NBA star Tony Parker drawn into 'quenelle' anti-Semitic row
December 31, 2013 -- Updated 1118 GMT (1918 HKT)
Tony Parker is a hero in his native France and with basketball fans in the United States.
- NBA star Tony Parker apologizes for using "quenelle" gesture
- Parker said he did not realize it was associated with anti-Semitism
- French footballer Nicolas Anelka says he will not repeat the "celebration"
- Two other French EPL stars admit to doing 'quenelle' signal
(CNN) -- NBA superstar Tony Parker was forced to apologize Monday for using the same anti-Semitic gesture which has landed former France international footballer Nicolas Anelka in hot water.
Anelka, who plays for English Premier League side West Bromwich Albion, performed the so-called "quenelle" -- pointing his right arm straight down and touching that arm with his left hand -- in celebrating a goal in a match against West Ham Saturday. Some have called the "quenelle" a Nazi salute in reverse.
Anelka is a friend of controversial French comedian Dieudonne M'Bala M'Bala, who popularized the "quenelle" and has been prosecuted for anti-Semitism.
With the English Football Association (FA) investigating the incident, Anelka has promised not to do it again.
Read: Anelka defends 'shocking' gesture
"The club fully acknowledges that Nicolas' goal celebration has caused offense in some quarters and has asked Nicolas not to perform the gesture again. Nicolas immediately agreed to adhere to this request," said a statement on the West Bromwich Albion website Monday.
Anelka's compatriot Parker came under the spotlight Sunday when a picture from three years ago surfaced of him doing the "quenelle."
The point guard has released a statement saying he was not aware at the time that it was offensive or harmful.
"While this gesture has been part of French culture for many years, it was not until recently that I learned of the very negative concerns associated with it," he said.
Read: Parker stars in NBA Finals opener
"Since I have been made aware of the seriousness of this gesture, I will certainly never repeat the gesture and sincerely apologize for any misunderstanding or harm relating to my actions.
"Hopefully this incident will serve to educate others that we need to be more aware that things that may seem innocuous can actually have a history of hate and hurt."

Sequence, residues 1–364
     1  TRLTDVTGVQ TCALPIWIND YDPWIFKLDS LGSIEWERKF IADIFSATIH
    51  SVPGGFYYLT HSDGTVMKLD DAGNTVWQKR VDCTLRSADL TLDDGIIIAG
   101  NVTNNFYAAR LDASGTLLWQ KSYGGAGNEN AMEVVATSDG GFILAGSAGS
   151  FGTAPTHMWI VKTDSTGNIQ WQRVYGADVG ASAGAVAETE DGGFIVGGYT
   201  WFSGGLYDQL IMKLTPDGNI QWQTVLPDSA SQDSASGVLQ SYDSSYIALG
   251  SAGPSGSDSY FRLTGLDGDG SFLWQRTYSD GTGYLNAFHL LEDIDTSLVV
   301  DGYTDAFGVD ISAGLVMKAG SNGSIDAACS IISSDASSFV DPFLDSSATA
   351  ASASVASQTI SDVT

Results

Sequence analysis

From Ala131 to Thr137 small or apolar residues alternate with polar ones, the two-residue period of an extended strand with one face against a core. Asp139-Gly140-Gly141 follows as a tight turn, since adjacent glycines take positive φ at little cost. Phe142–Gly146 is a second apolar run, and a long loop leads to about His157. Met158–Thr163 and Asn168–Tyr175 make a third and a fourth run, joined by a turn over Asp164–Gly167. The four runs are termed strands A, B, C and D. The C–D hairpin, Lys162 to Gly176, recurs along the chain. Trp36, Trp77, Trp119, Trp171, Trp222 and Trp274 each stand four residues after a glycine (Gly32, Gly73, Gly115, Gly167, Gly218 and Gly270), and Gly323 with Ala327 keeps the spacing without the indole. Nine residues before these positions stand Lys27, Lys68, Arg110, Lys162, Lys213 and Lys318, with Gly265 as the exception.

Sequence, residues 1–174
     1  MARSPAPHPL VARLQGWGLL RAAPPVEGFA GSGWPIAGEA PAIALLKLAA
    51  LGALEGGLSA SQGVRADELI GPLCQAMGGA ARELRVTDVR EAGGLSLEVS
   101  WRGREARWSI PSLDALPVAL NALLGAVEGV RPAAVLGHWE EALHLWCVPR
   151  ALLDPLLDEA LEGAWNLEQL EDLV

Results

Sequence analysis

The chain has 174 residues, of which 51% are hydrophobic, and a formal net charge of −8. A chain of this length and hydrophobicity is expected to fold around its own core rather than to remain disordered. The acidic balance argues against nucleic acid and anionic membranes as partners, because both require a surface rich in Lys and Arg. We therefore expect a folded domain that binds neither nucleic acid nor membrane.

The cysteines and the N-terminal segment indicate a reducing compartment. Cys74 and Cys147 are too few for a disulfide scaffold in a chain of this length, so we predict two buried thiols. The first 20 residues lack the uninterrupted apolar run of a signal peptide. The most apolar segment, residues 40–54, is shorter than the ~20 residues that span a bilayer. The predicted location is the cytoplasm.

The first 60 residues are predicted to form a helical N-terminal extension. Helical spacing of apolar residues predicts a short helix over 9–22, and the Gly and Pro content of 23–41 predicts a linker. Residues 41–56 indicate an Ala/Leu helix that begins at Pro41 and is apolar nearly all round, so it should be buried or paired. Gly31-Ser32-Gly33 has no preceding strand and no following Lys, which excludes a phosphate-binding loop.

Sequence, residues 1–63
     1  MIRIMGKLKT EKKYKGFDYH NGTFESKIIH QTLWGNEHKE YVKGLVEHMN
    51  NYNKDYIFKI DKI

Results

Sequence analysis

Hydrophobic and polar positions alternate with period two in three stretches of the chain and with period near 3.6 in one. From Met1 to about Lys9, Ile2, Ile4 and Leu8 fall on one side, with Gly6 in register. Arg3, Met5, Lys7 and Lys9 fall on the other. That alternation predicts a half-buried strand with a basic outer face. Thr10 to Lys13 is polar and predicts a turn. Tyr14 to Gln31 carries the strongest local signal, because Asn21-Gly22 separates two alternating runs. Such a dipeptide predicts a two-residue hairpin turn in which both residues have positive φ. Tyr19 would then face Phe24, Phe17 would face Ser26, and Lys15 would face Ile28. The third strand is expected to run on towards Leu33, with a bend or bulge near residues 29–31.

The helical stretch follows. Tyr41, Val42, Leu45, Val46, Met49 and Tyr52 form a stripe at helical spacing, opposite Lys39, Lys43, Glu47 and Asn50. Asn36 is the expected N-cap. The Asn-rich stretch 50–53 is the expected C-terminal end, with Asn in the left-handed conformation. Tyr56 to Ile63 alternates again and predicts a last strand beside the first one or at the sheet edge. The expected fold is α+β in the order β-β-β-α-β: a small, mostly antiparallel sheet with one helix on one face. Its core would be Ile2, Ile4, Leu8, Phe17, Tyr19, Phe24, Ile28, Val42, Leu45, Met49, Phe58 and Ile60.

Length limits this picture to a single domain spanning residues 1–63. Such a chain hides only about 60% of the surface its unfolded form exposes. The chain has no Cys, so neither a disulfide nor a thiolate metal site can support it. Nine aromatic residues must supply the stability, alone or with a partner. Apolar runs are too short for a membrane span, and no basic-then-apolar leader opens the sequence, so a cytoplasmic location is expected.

Anelka has also denied his gesture was anti-Semitic and stated on Twitter that it was simply a "special dedication" to his friend Dieudonne.
Read: Is France a racist nation?
Two other French EPL players were drawn into the controversy Monday, with Manchester City's Samir Nasri and Mamadou Sakho of Liverpool, photographed performing the gesture.
Nasri took to social media to say his gesture was to symbolize "being against the system."
He tweeted: "It has absolutely nothing to do with being anti semitic or against Jewish people. I apologise for causing any hurt to anyone who might have."
Sakho said he was tricked into performing the signal. He wrote on his Twitter account: "This photo was taken six months ago, I did not know the meaning of this gesture, I got trapped!"
Today's five most popular stories
Part of complete coverage on
December 16, 2014 -- Updated 1123 GMT (1923 HKT)
After 20 years, more than 300 goals and a host of major honors, Thierry Henry has called time on his glittering football career.
December 19, 2014 -- Updated 1014 GMT (1814 HKT)
They do things differently at Sociedad Deportiva Eibar, up in the mist-cloaked valleys of the Basque country. And it is working.
December 10, 2014 -- Updated 1353 GMT (2153 HKT)
He might be struggling to score goals for Liverpool, but Mario Balotelli's cheeky tweet about the British monarch hit the spot during the World Cup.
October 28, 2014 -- Updated 1253 GMT (2053 HKT)
They splash the cash on the world's best players, now Real Madrid are giving the Bernabeu the same treatment with a bling makeover.
October 27, 2014 -- Updated 1309 GMT (2109 HKT)
Football world mourns South African captain Senzo Meyiwa who was shot and killed during a botched robbery in a township near Johannesburg.
October 21, 2014 -- Updated 1348 GMT (2148 HKT)
From the ancient ruins of Rome, a new empire rises. But the eyes of the city's newest gladiator light up at thoughts of the Colosseum.
October 21, 2014 -- Updated 1622 GMT (0022 HKT)
Once part of Germany's largest Jewish sports club, now he's the first ISIS suspect to stand trial in a country left shocked by his alleged radicalization.
October 17, 2014 -- Updated 1411 GMT (2211 HKT)
One goal in eight matches for new club Liverpool, and dumped by the Italian national team -- Mario Balotelli has yet to shine on his English return.
October 18, 2014 -- Updated 1819 GMT (0219 HKT)
Should a convicted rapist, who has served their time in prison, be allowed to resume their old job? What if that job was as a high-profile football player?
October 16, 2014 -- Updated 1247 GMT (2047 HKT)
After 10 years of golden glory, it's easy to see how Lionel Messi has taken his place among the football gods.
October 16, 2014 -- Updated 1034 GMT (1834 HKT)
When will the tears stop? A leading Italian football club is pursuing a new direction -- under the guidance of its new Indonesian owner.
October 13, 2014 -- Updated 2241 GMT (0641 HKT)
Norwegian 15-year-old Martin Odegaard is the youngest player ever to feature in a European Championships qualifying match.
October 10, 2014 -- Updated 1310 GMT (2110 HKT)
After revolutionizing cricket with its glitzy Twenty20 league, India has now thrown large sums of money at a new football venture.
October 2, 2014 -- Updated 1453 GMT (2253 HKT)
Get ruthless. That is Rio Ferdinand's message to soccer's authorities in the fight to tackle the scourge of racism.
September 10, 2014 -- Updated 1328 GMT (2128 HKT)
He's just 15 and the world is seemingly already at his feet. Norway's Martin Odegaard is being sought by Europe's top clubs.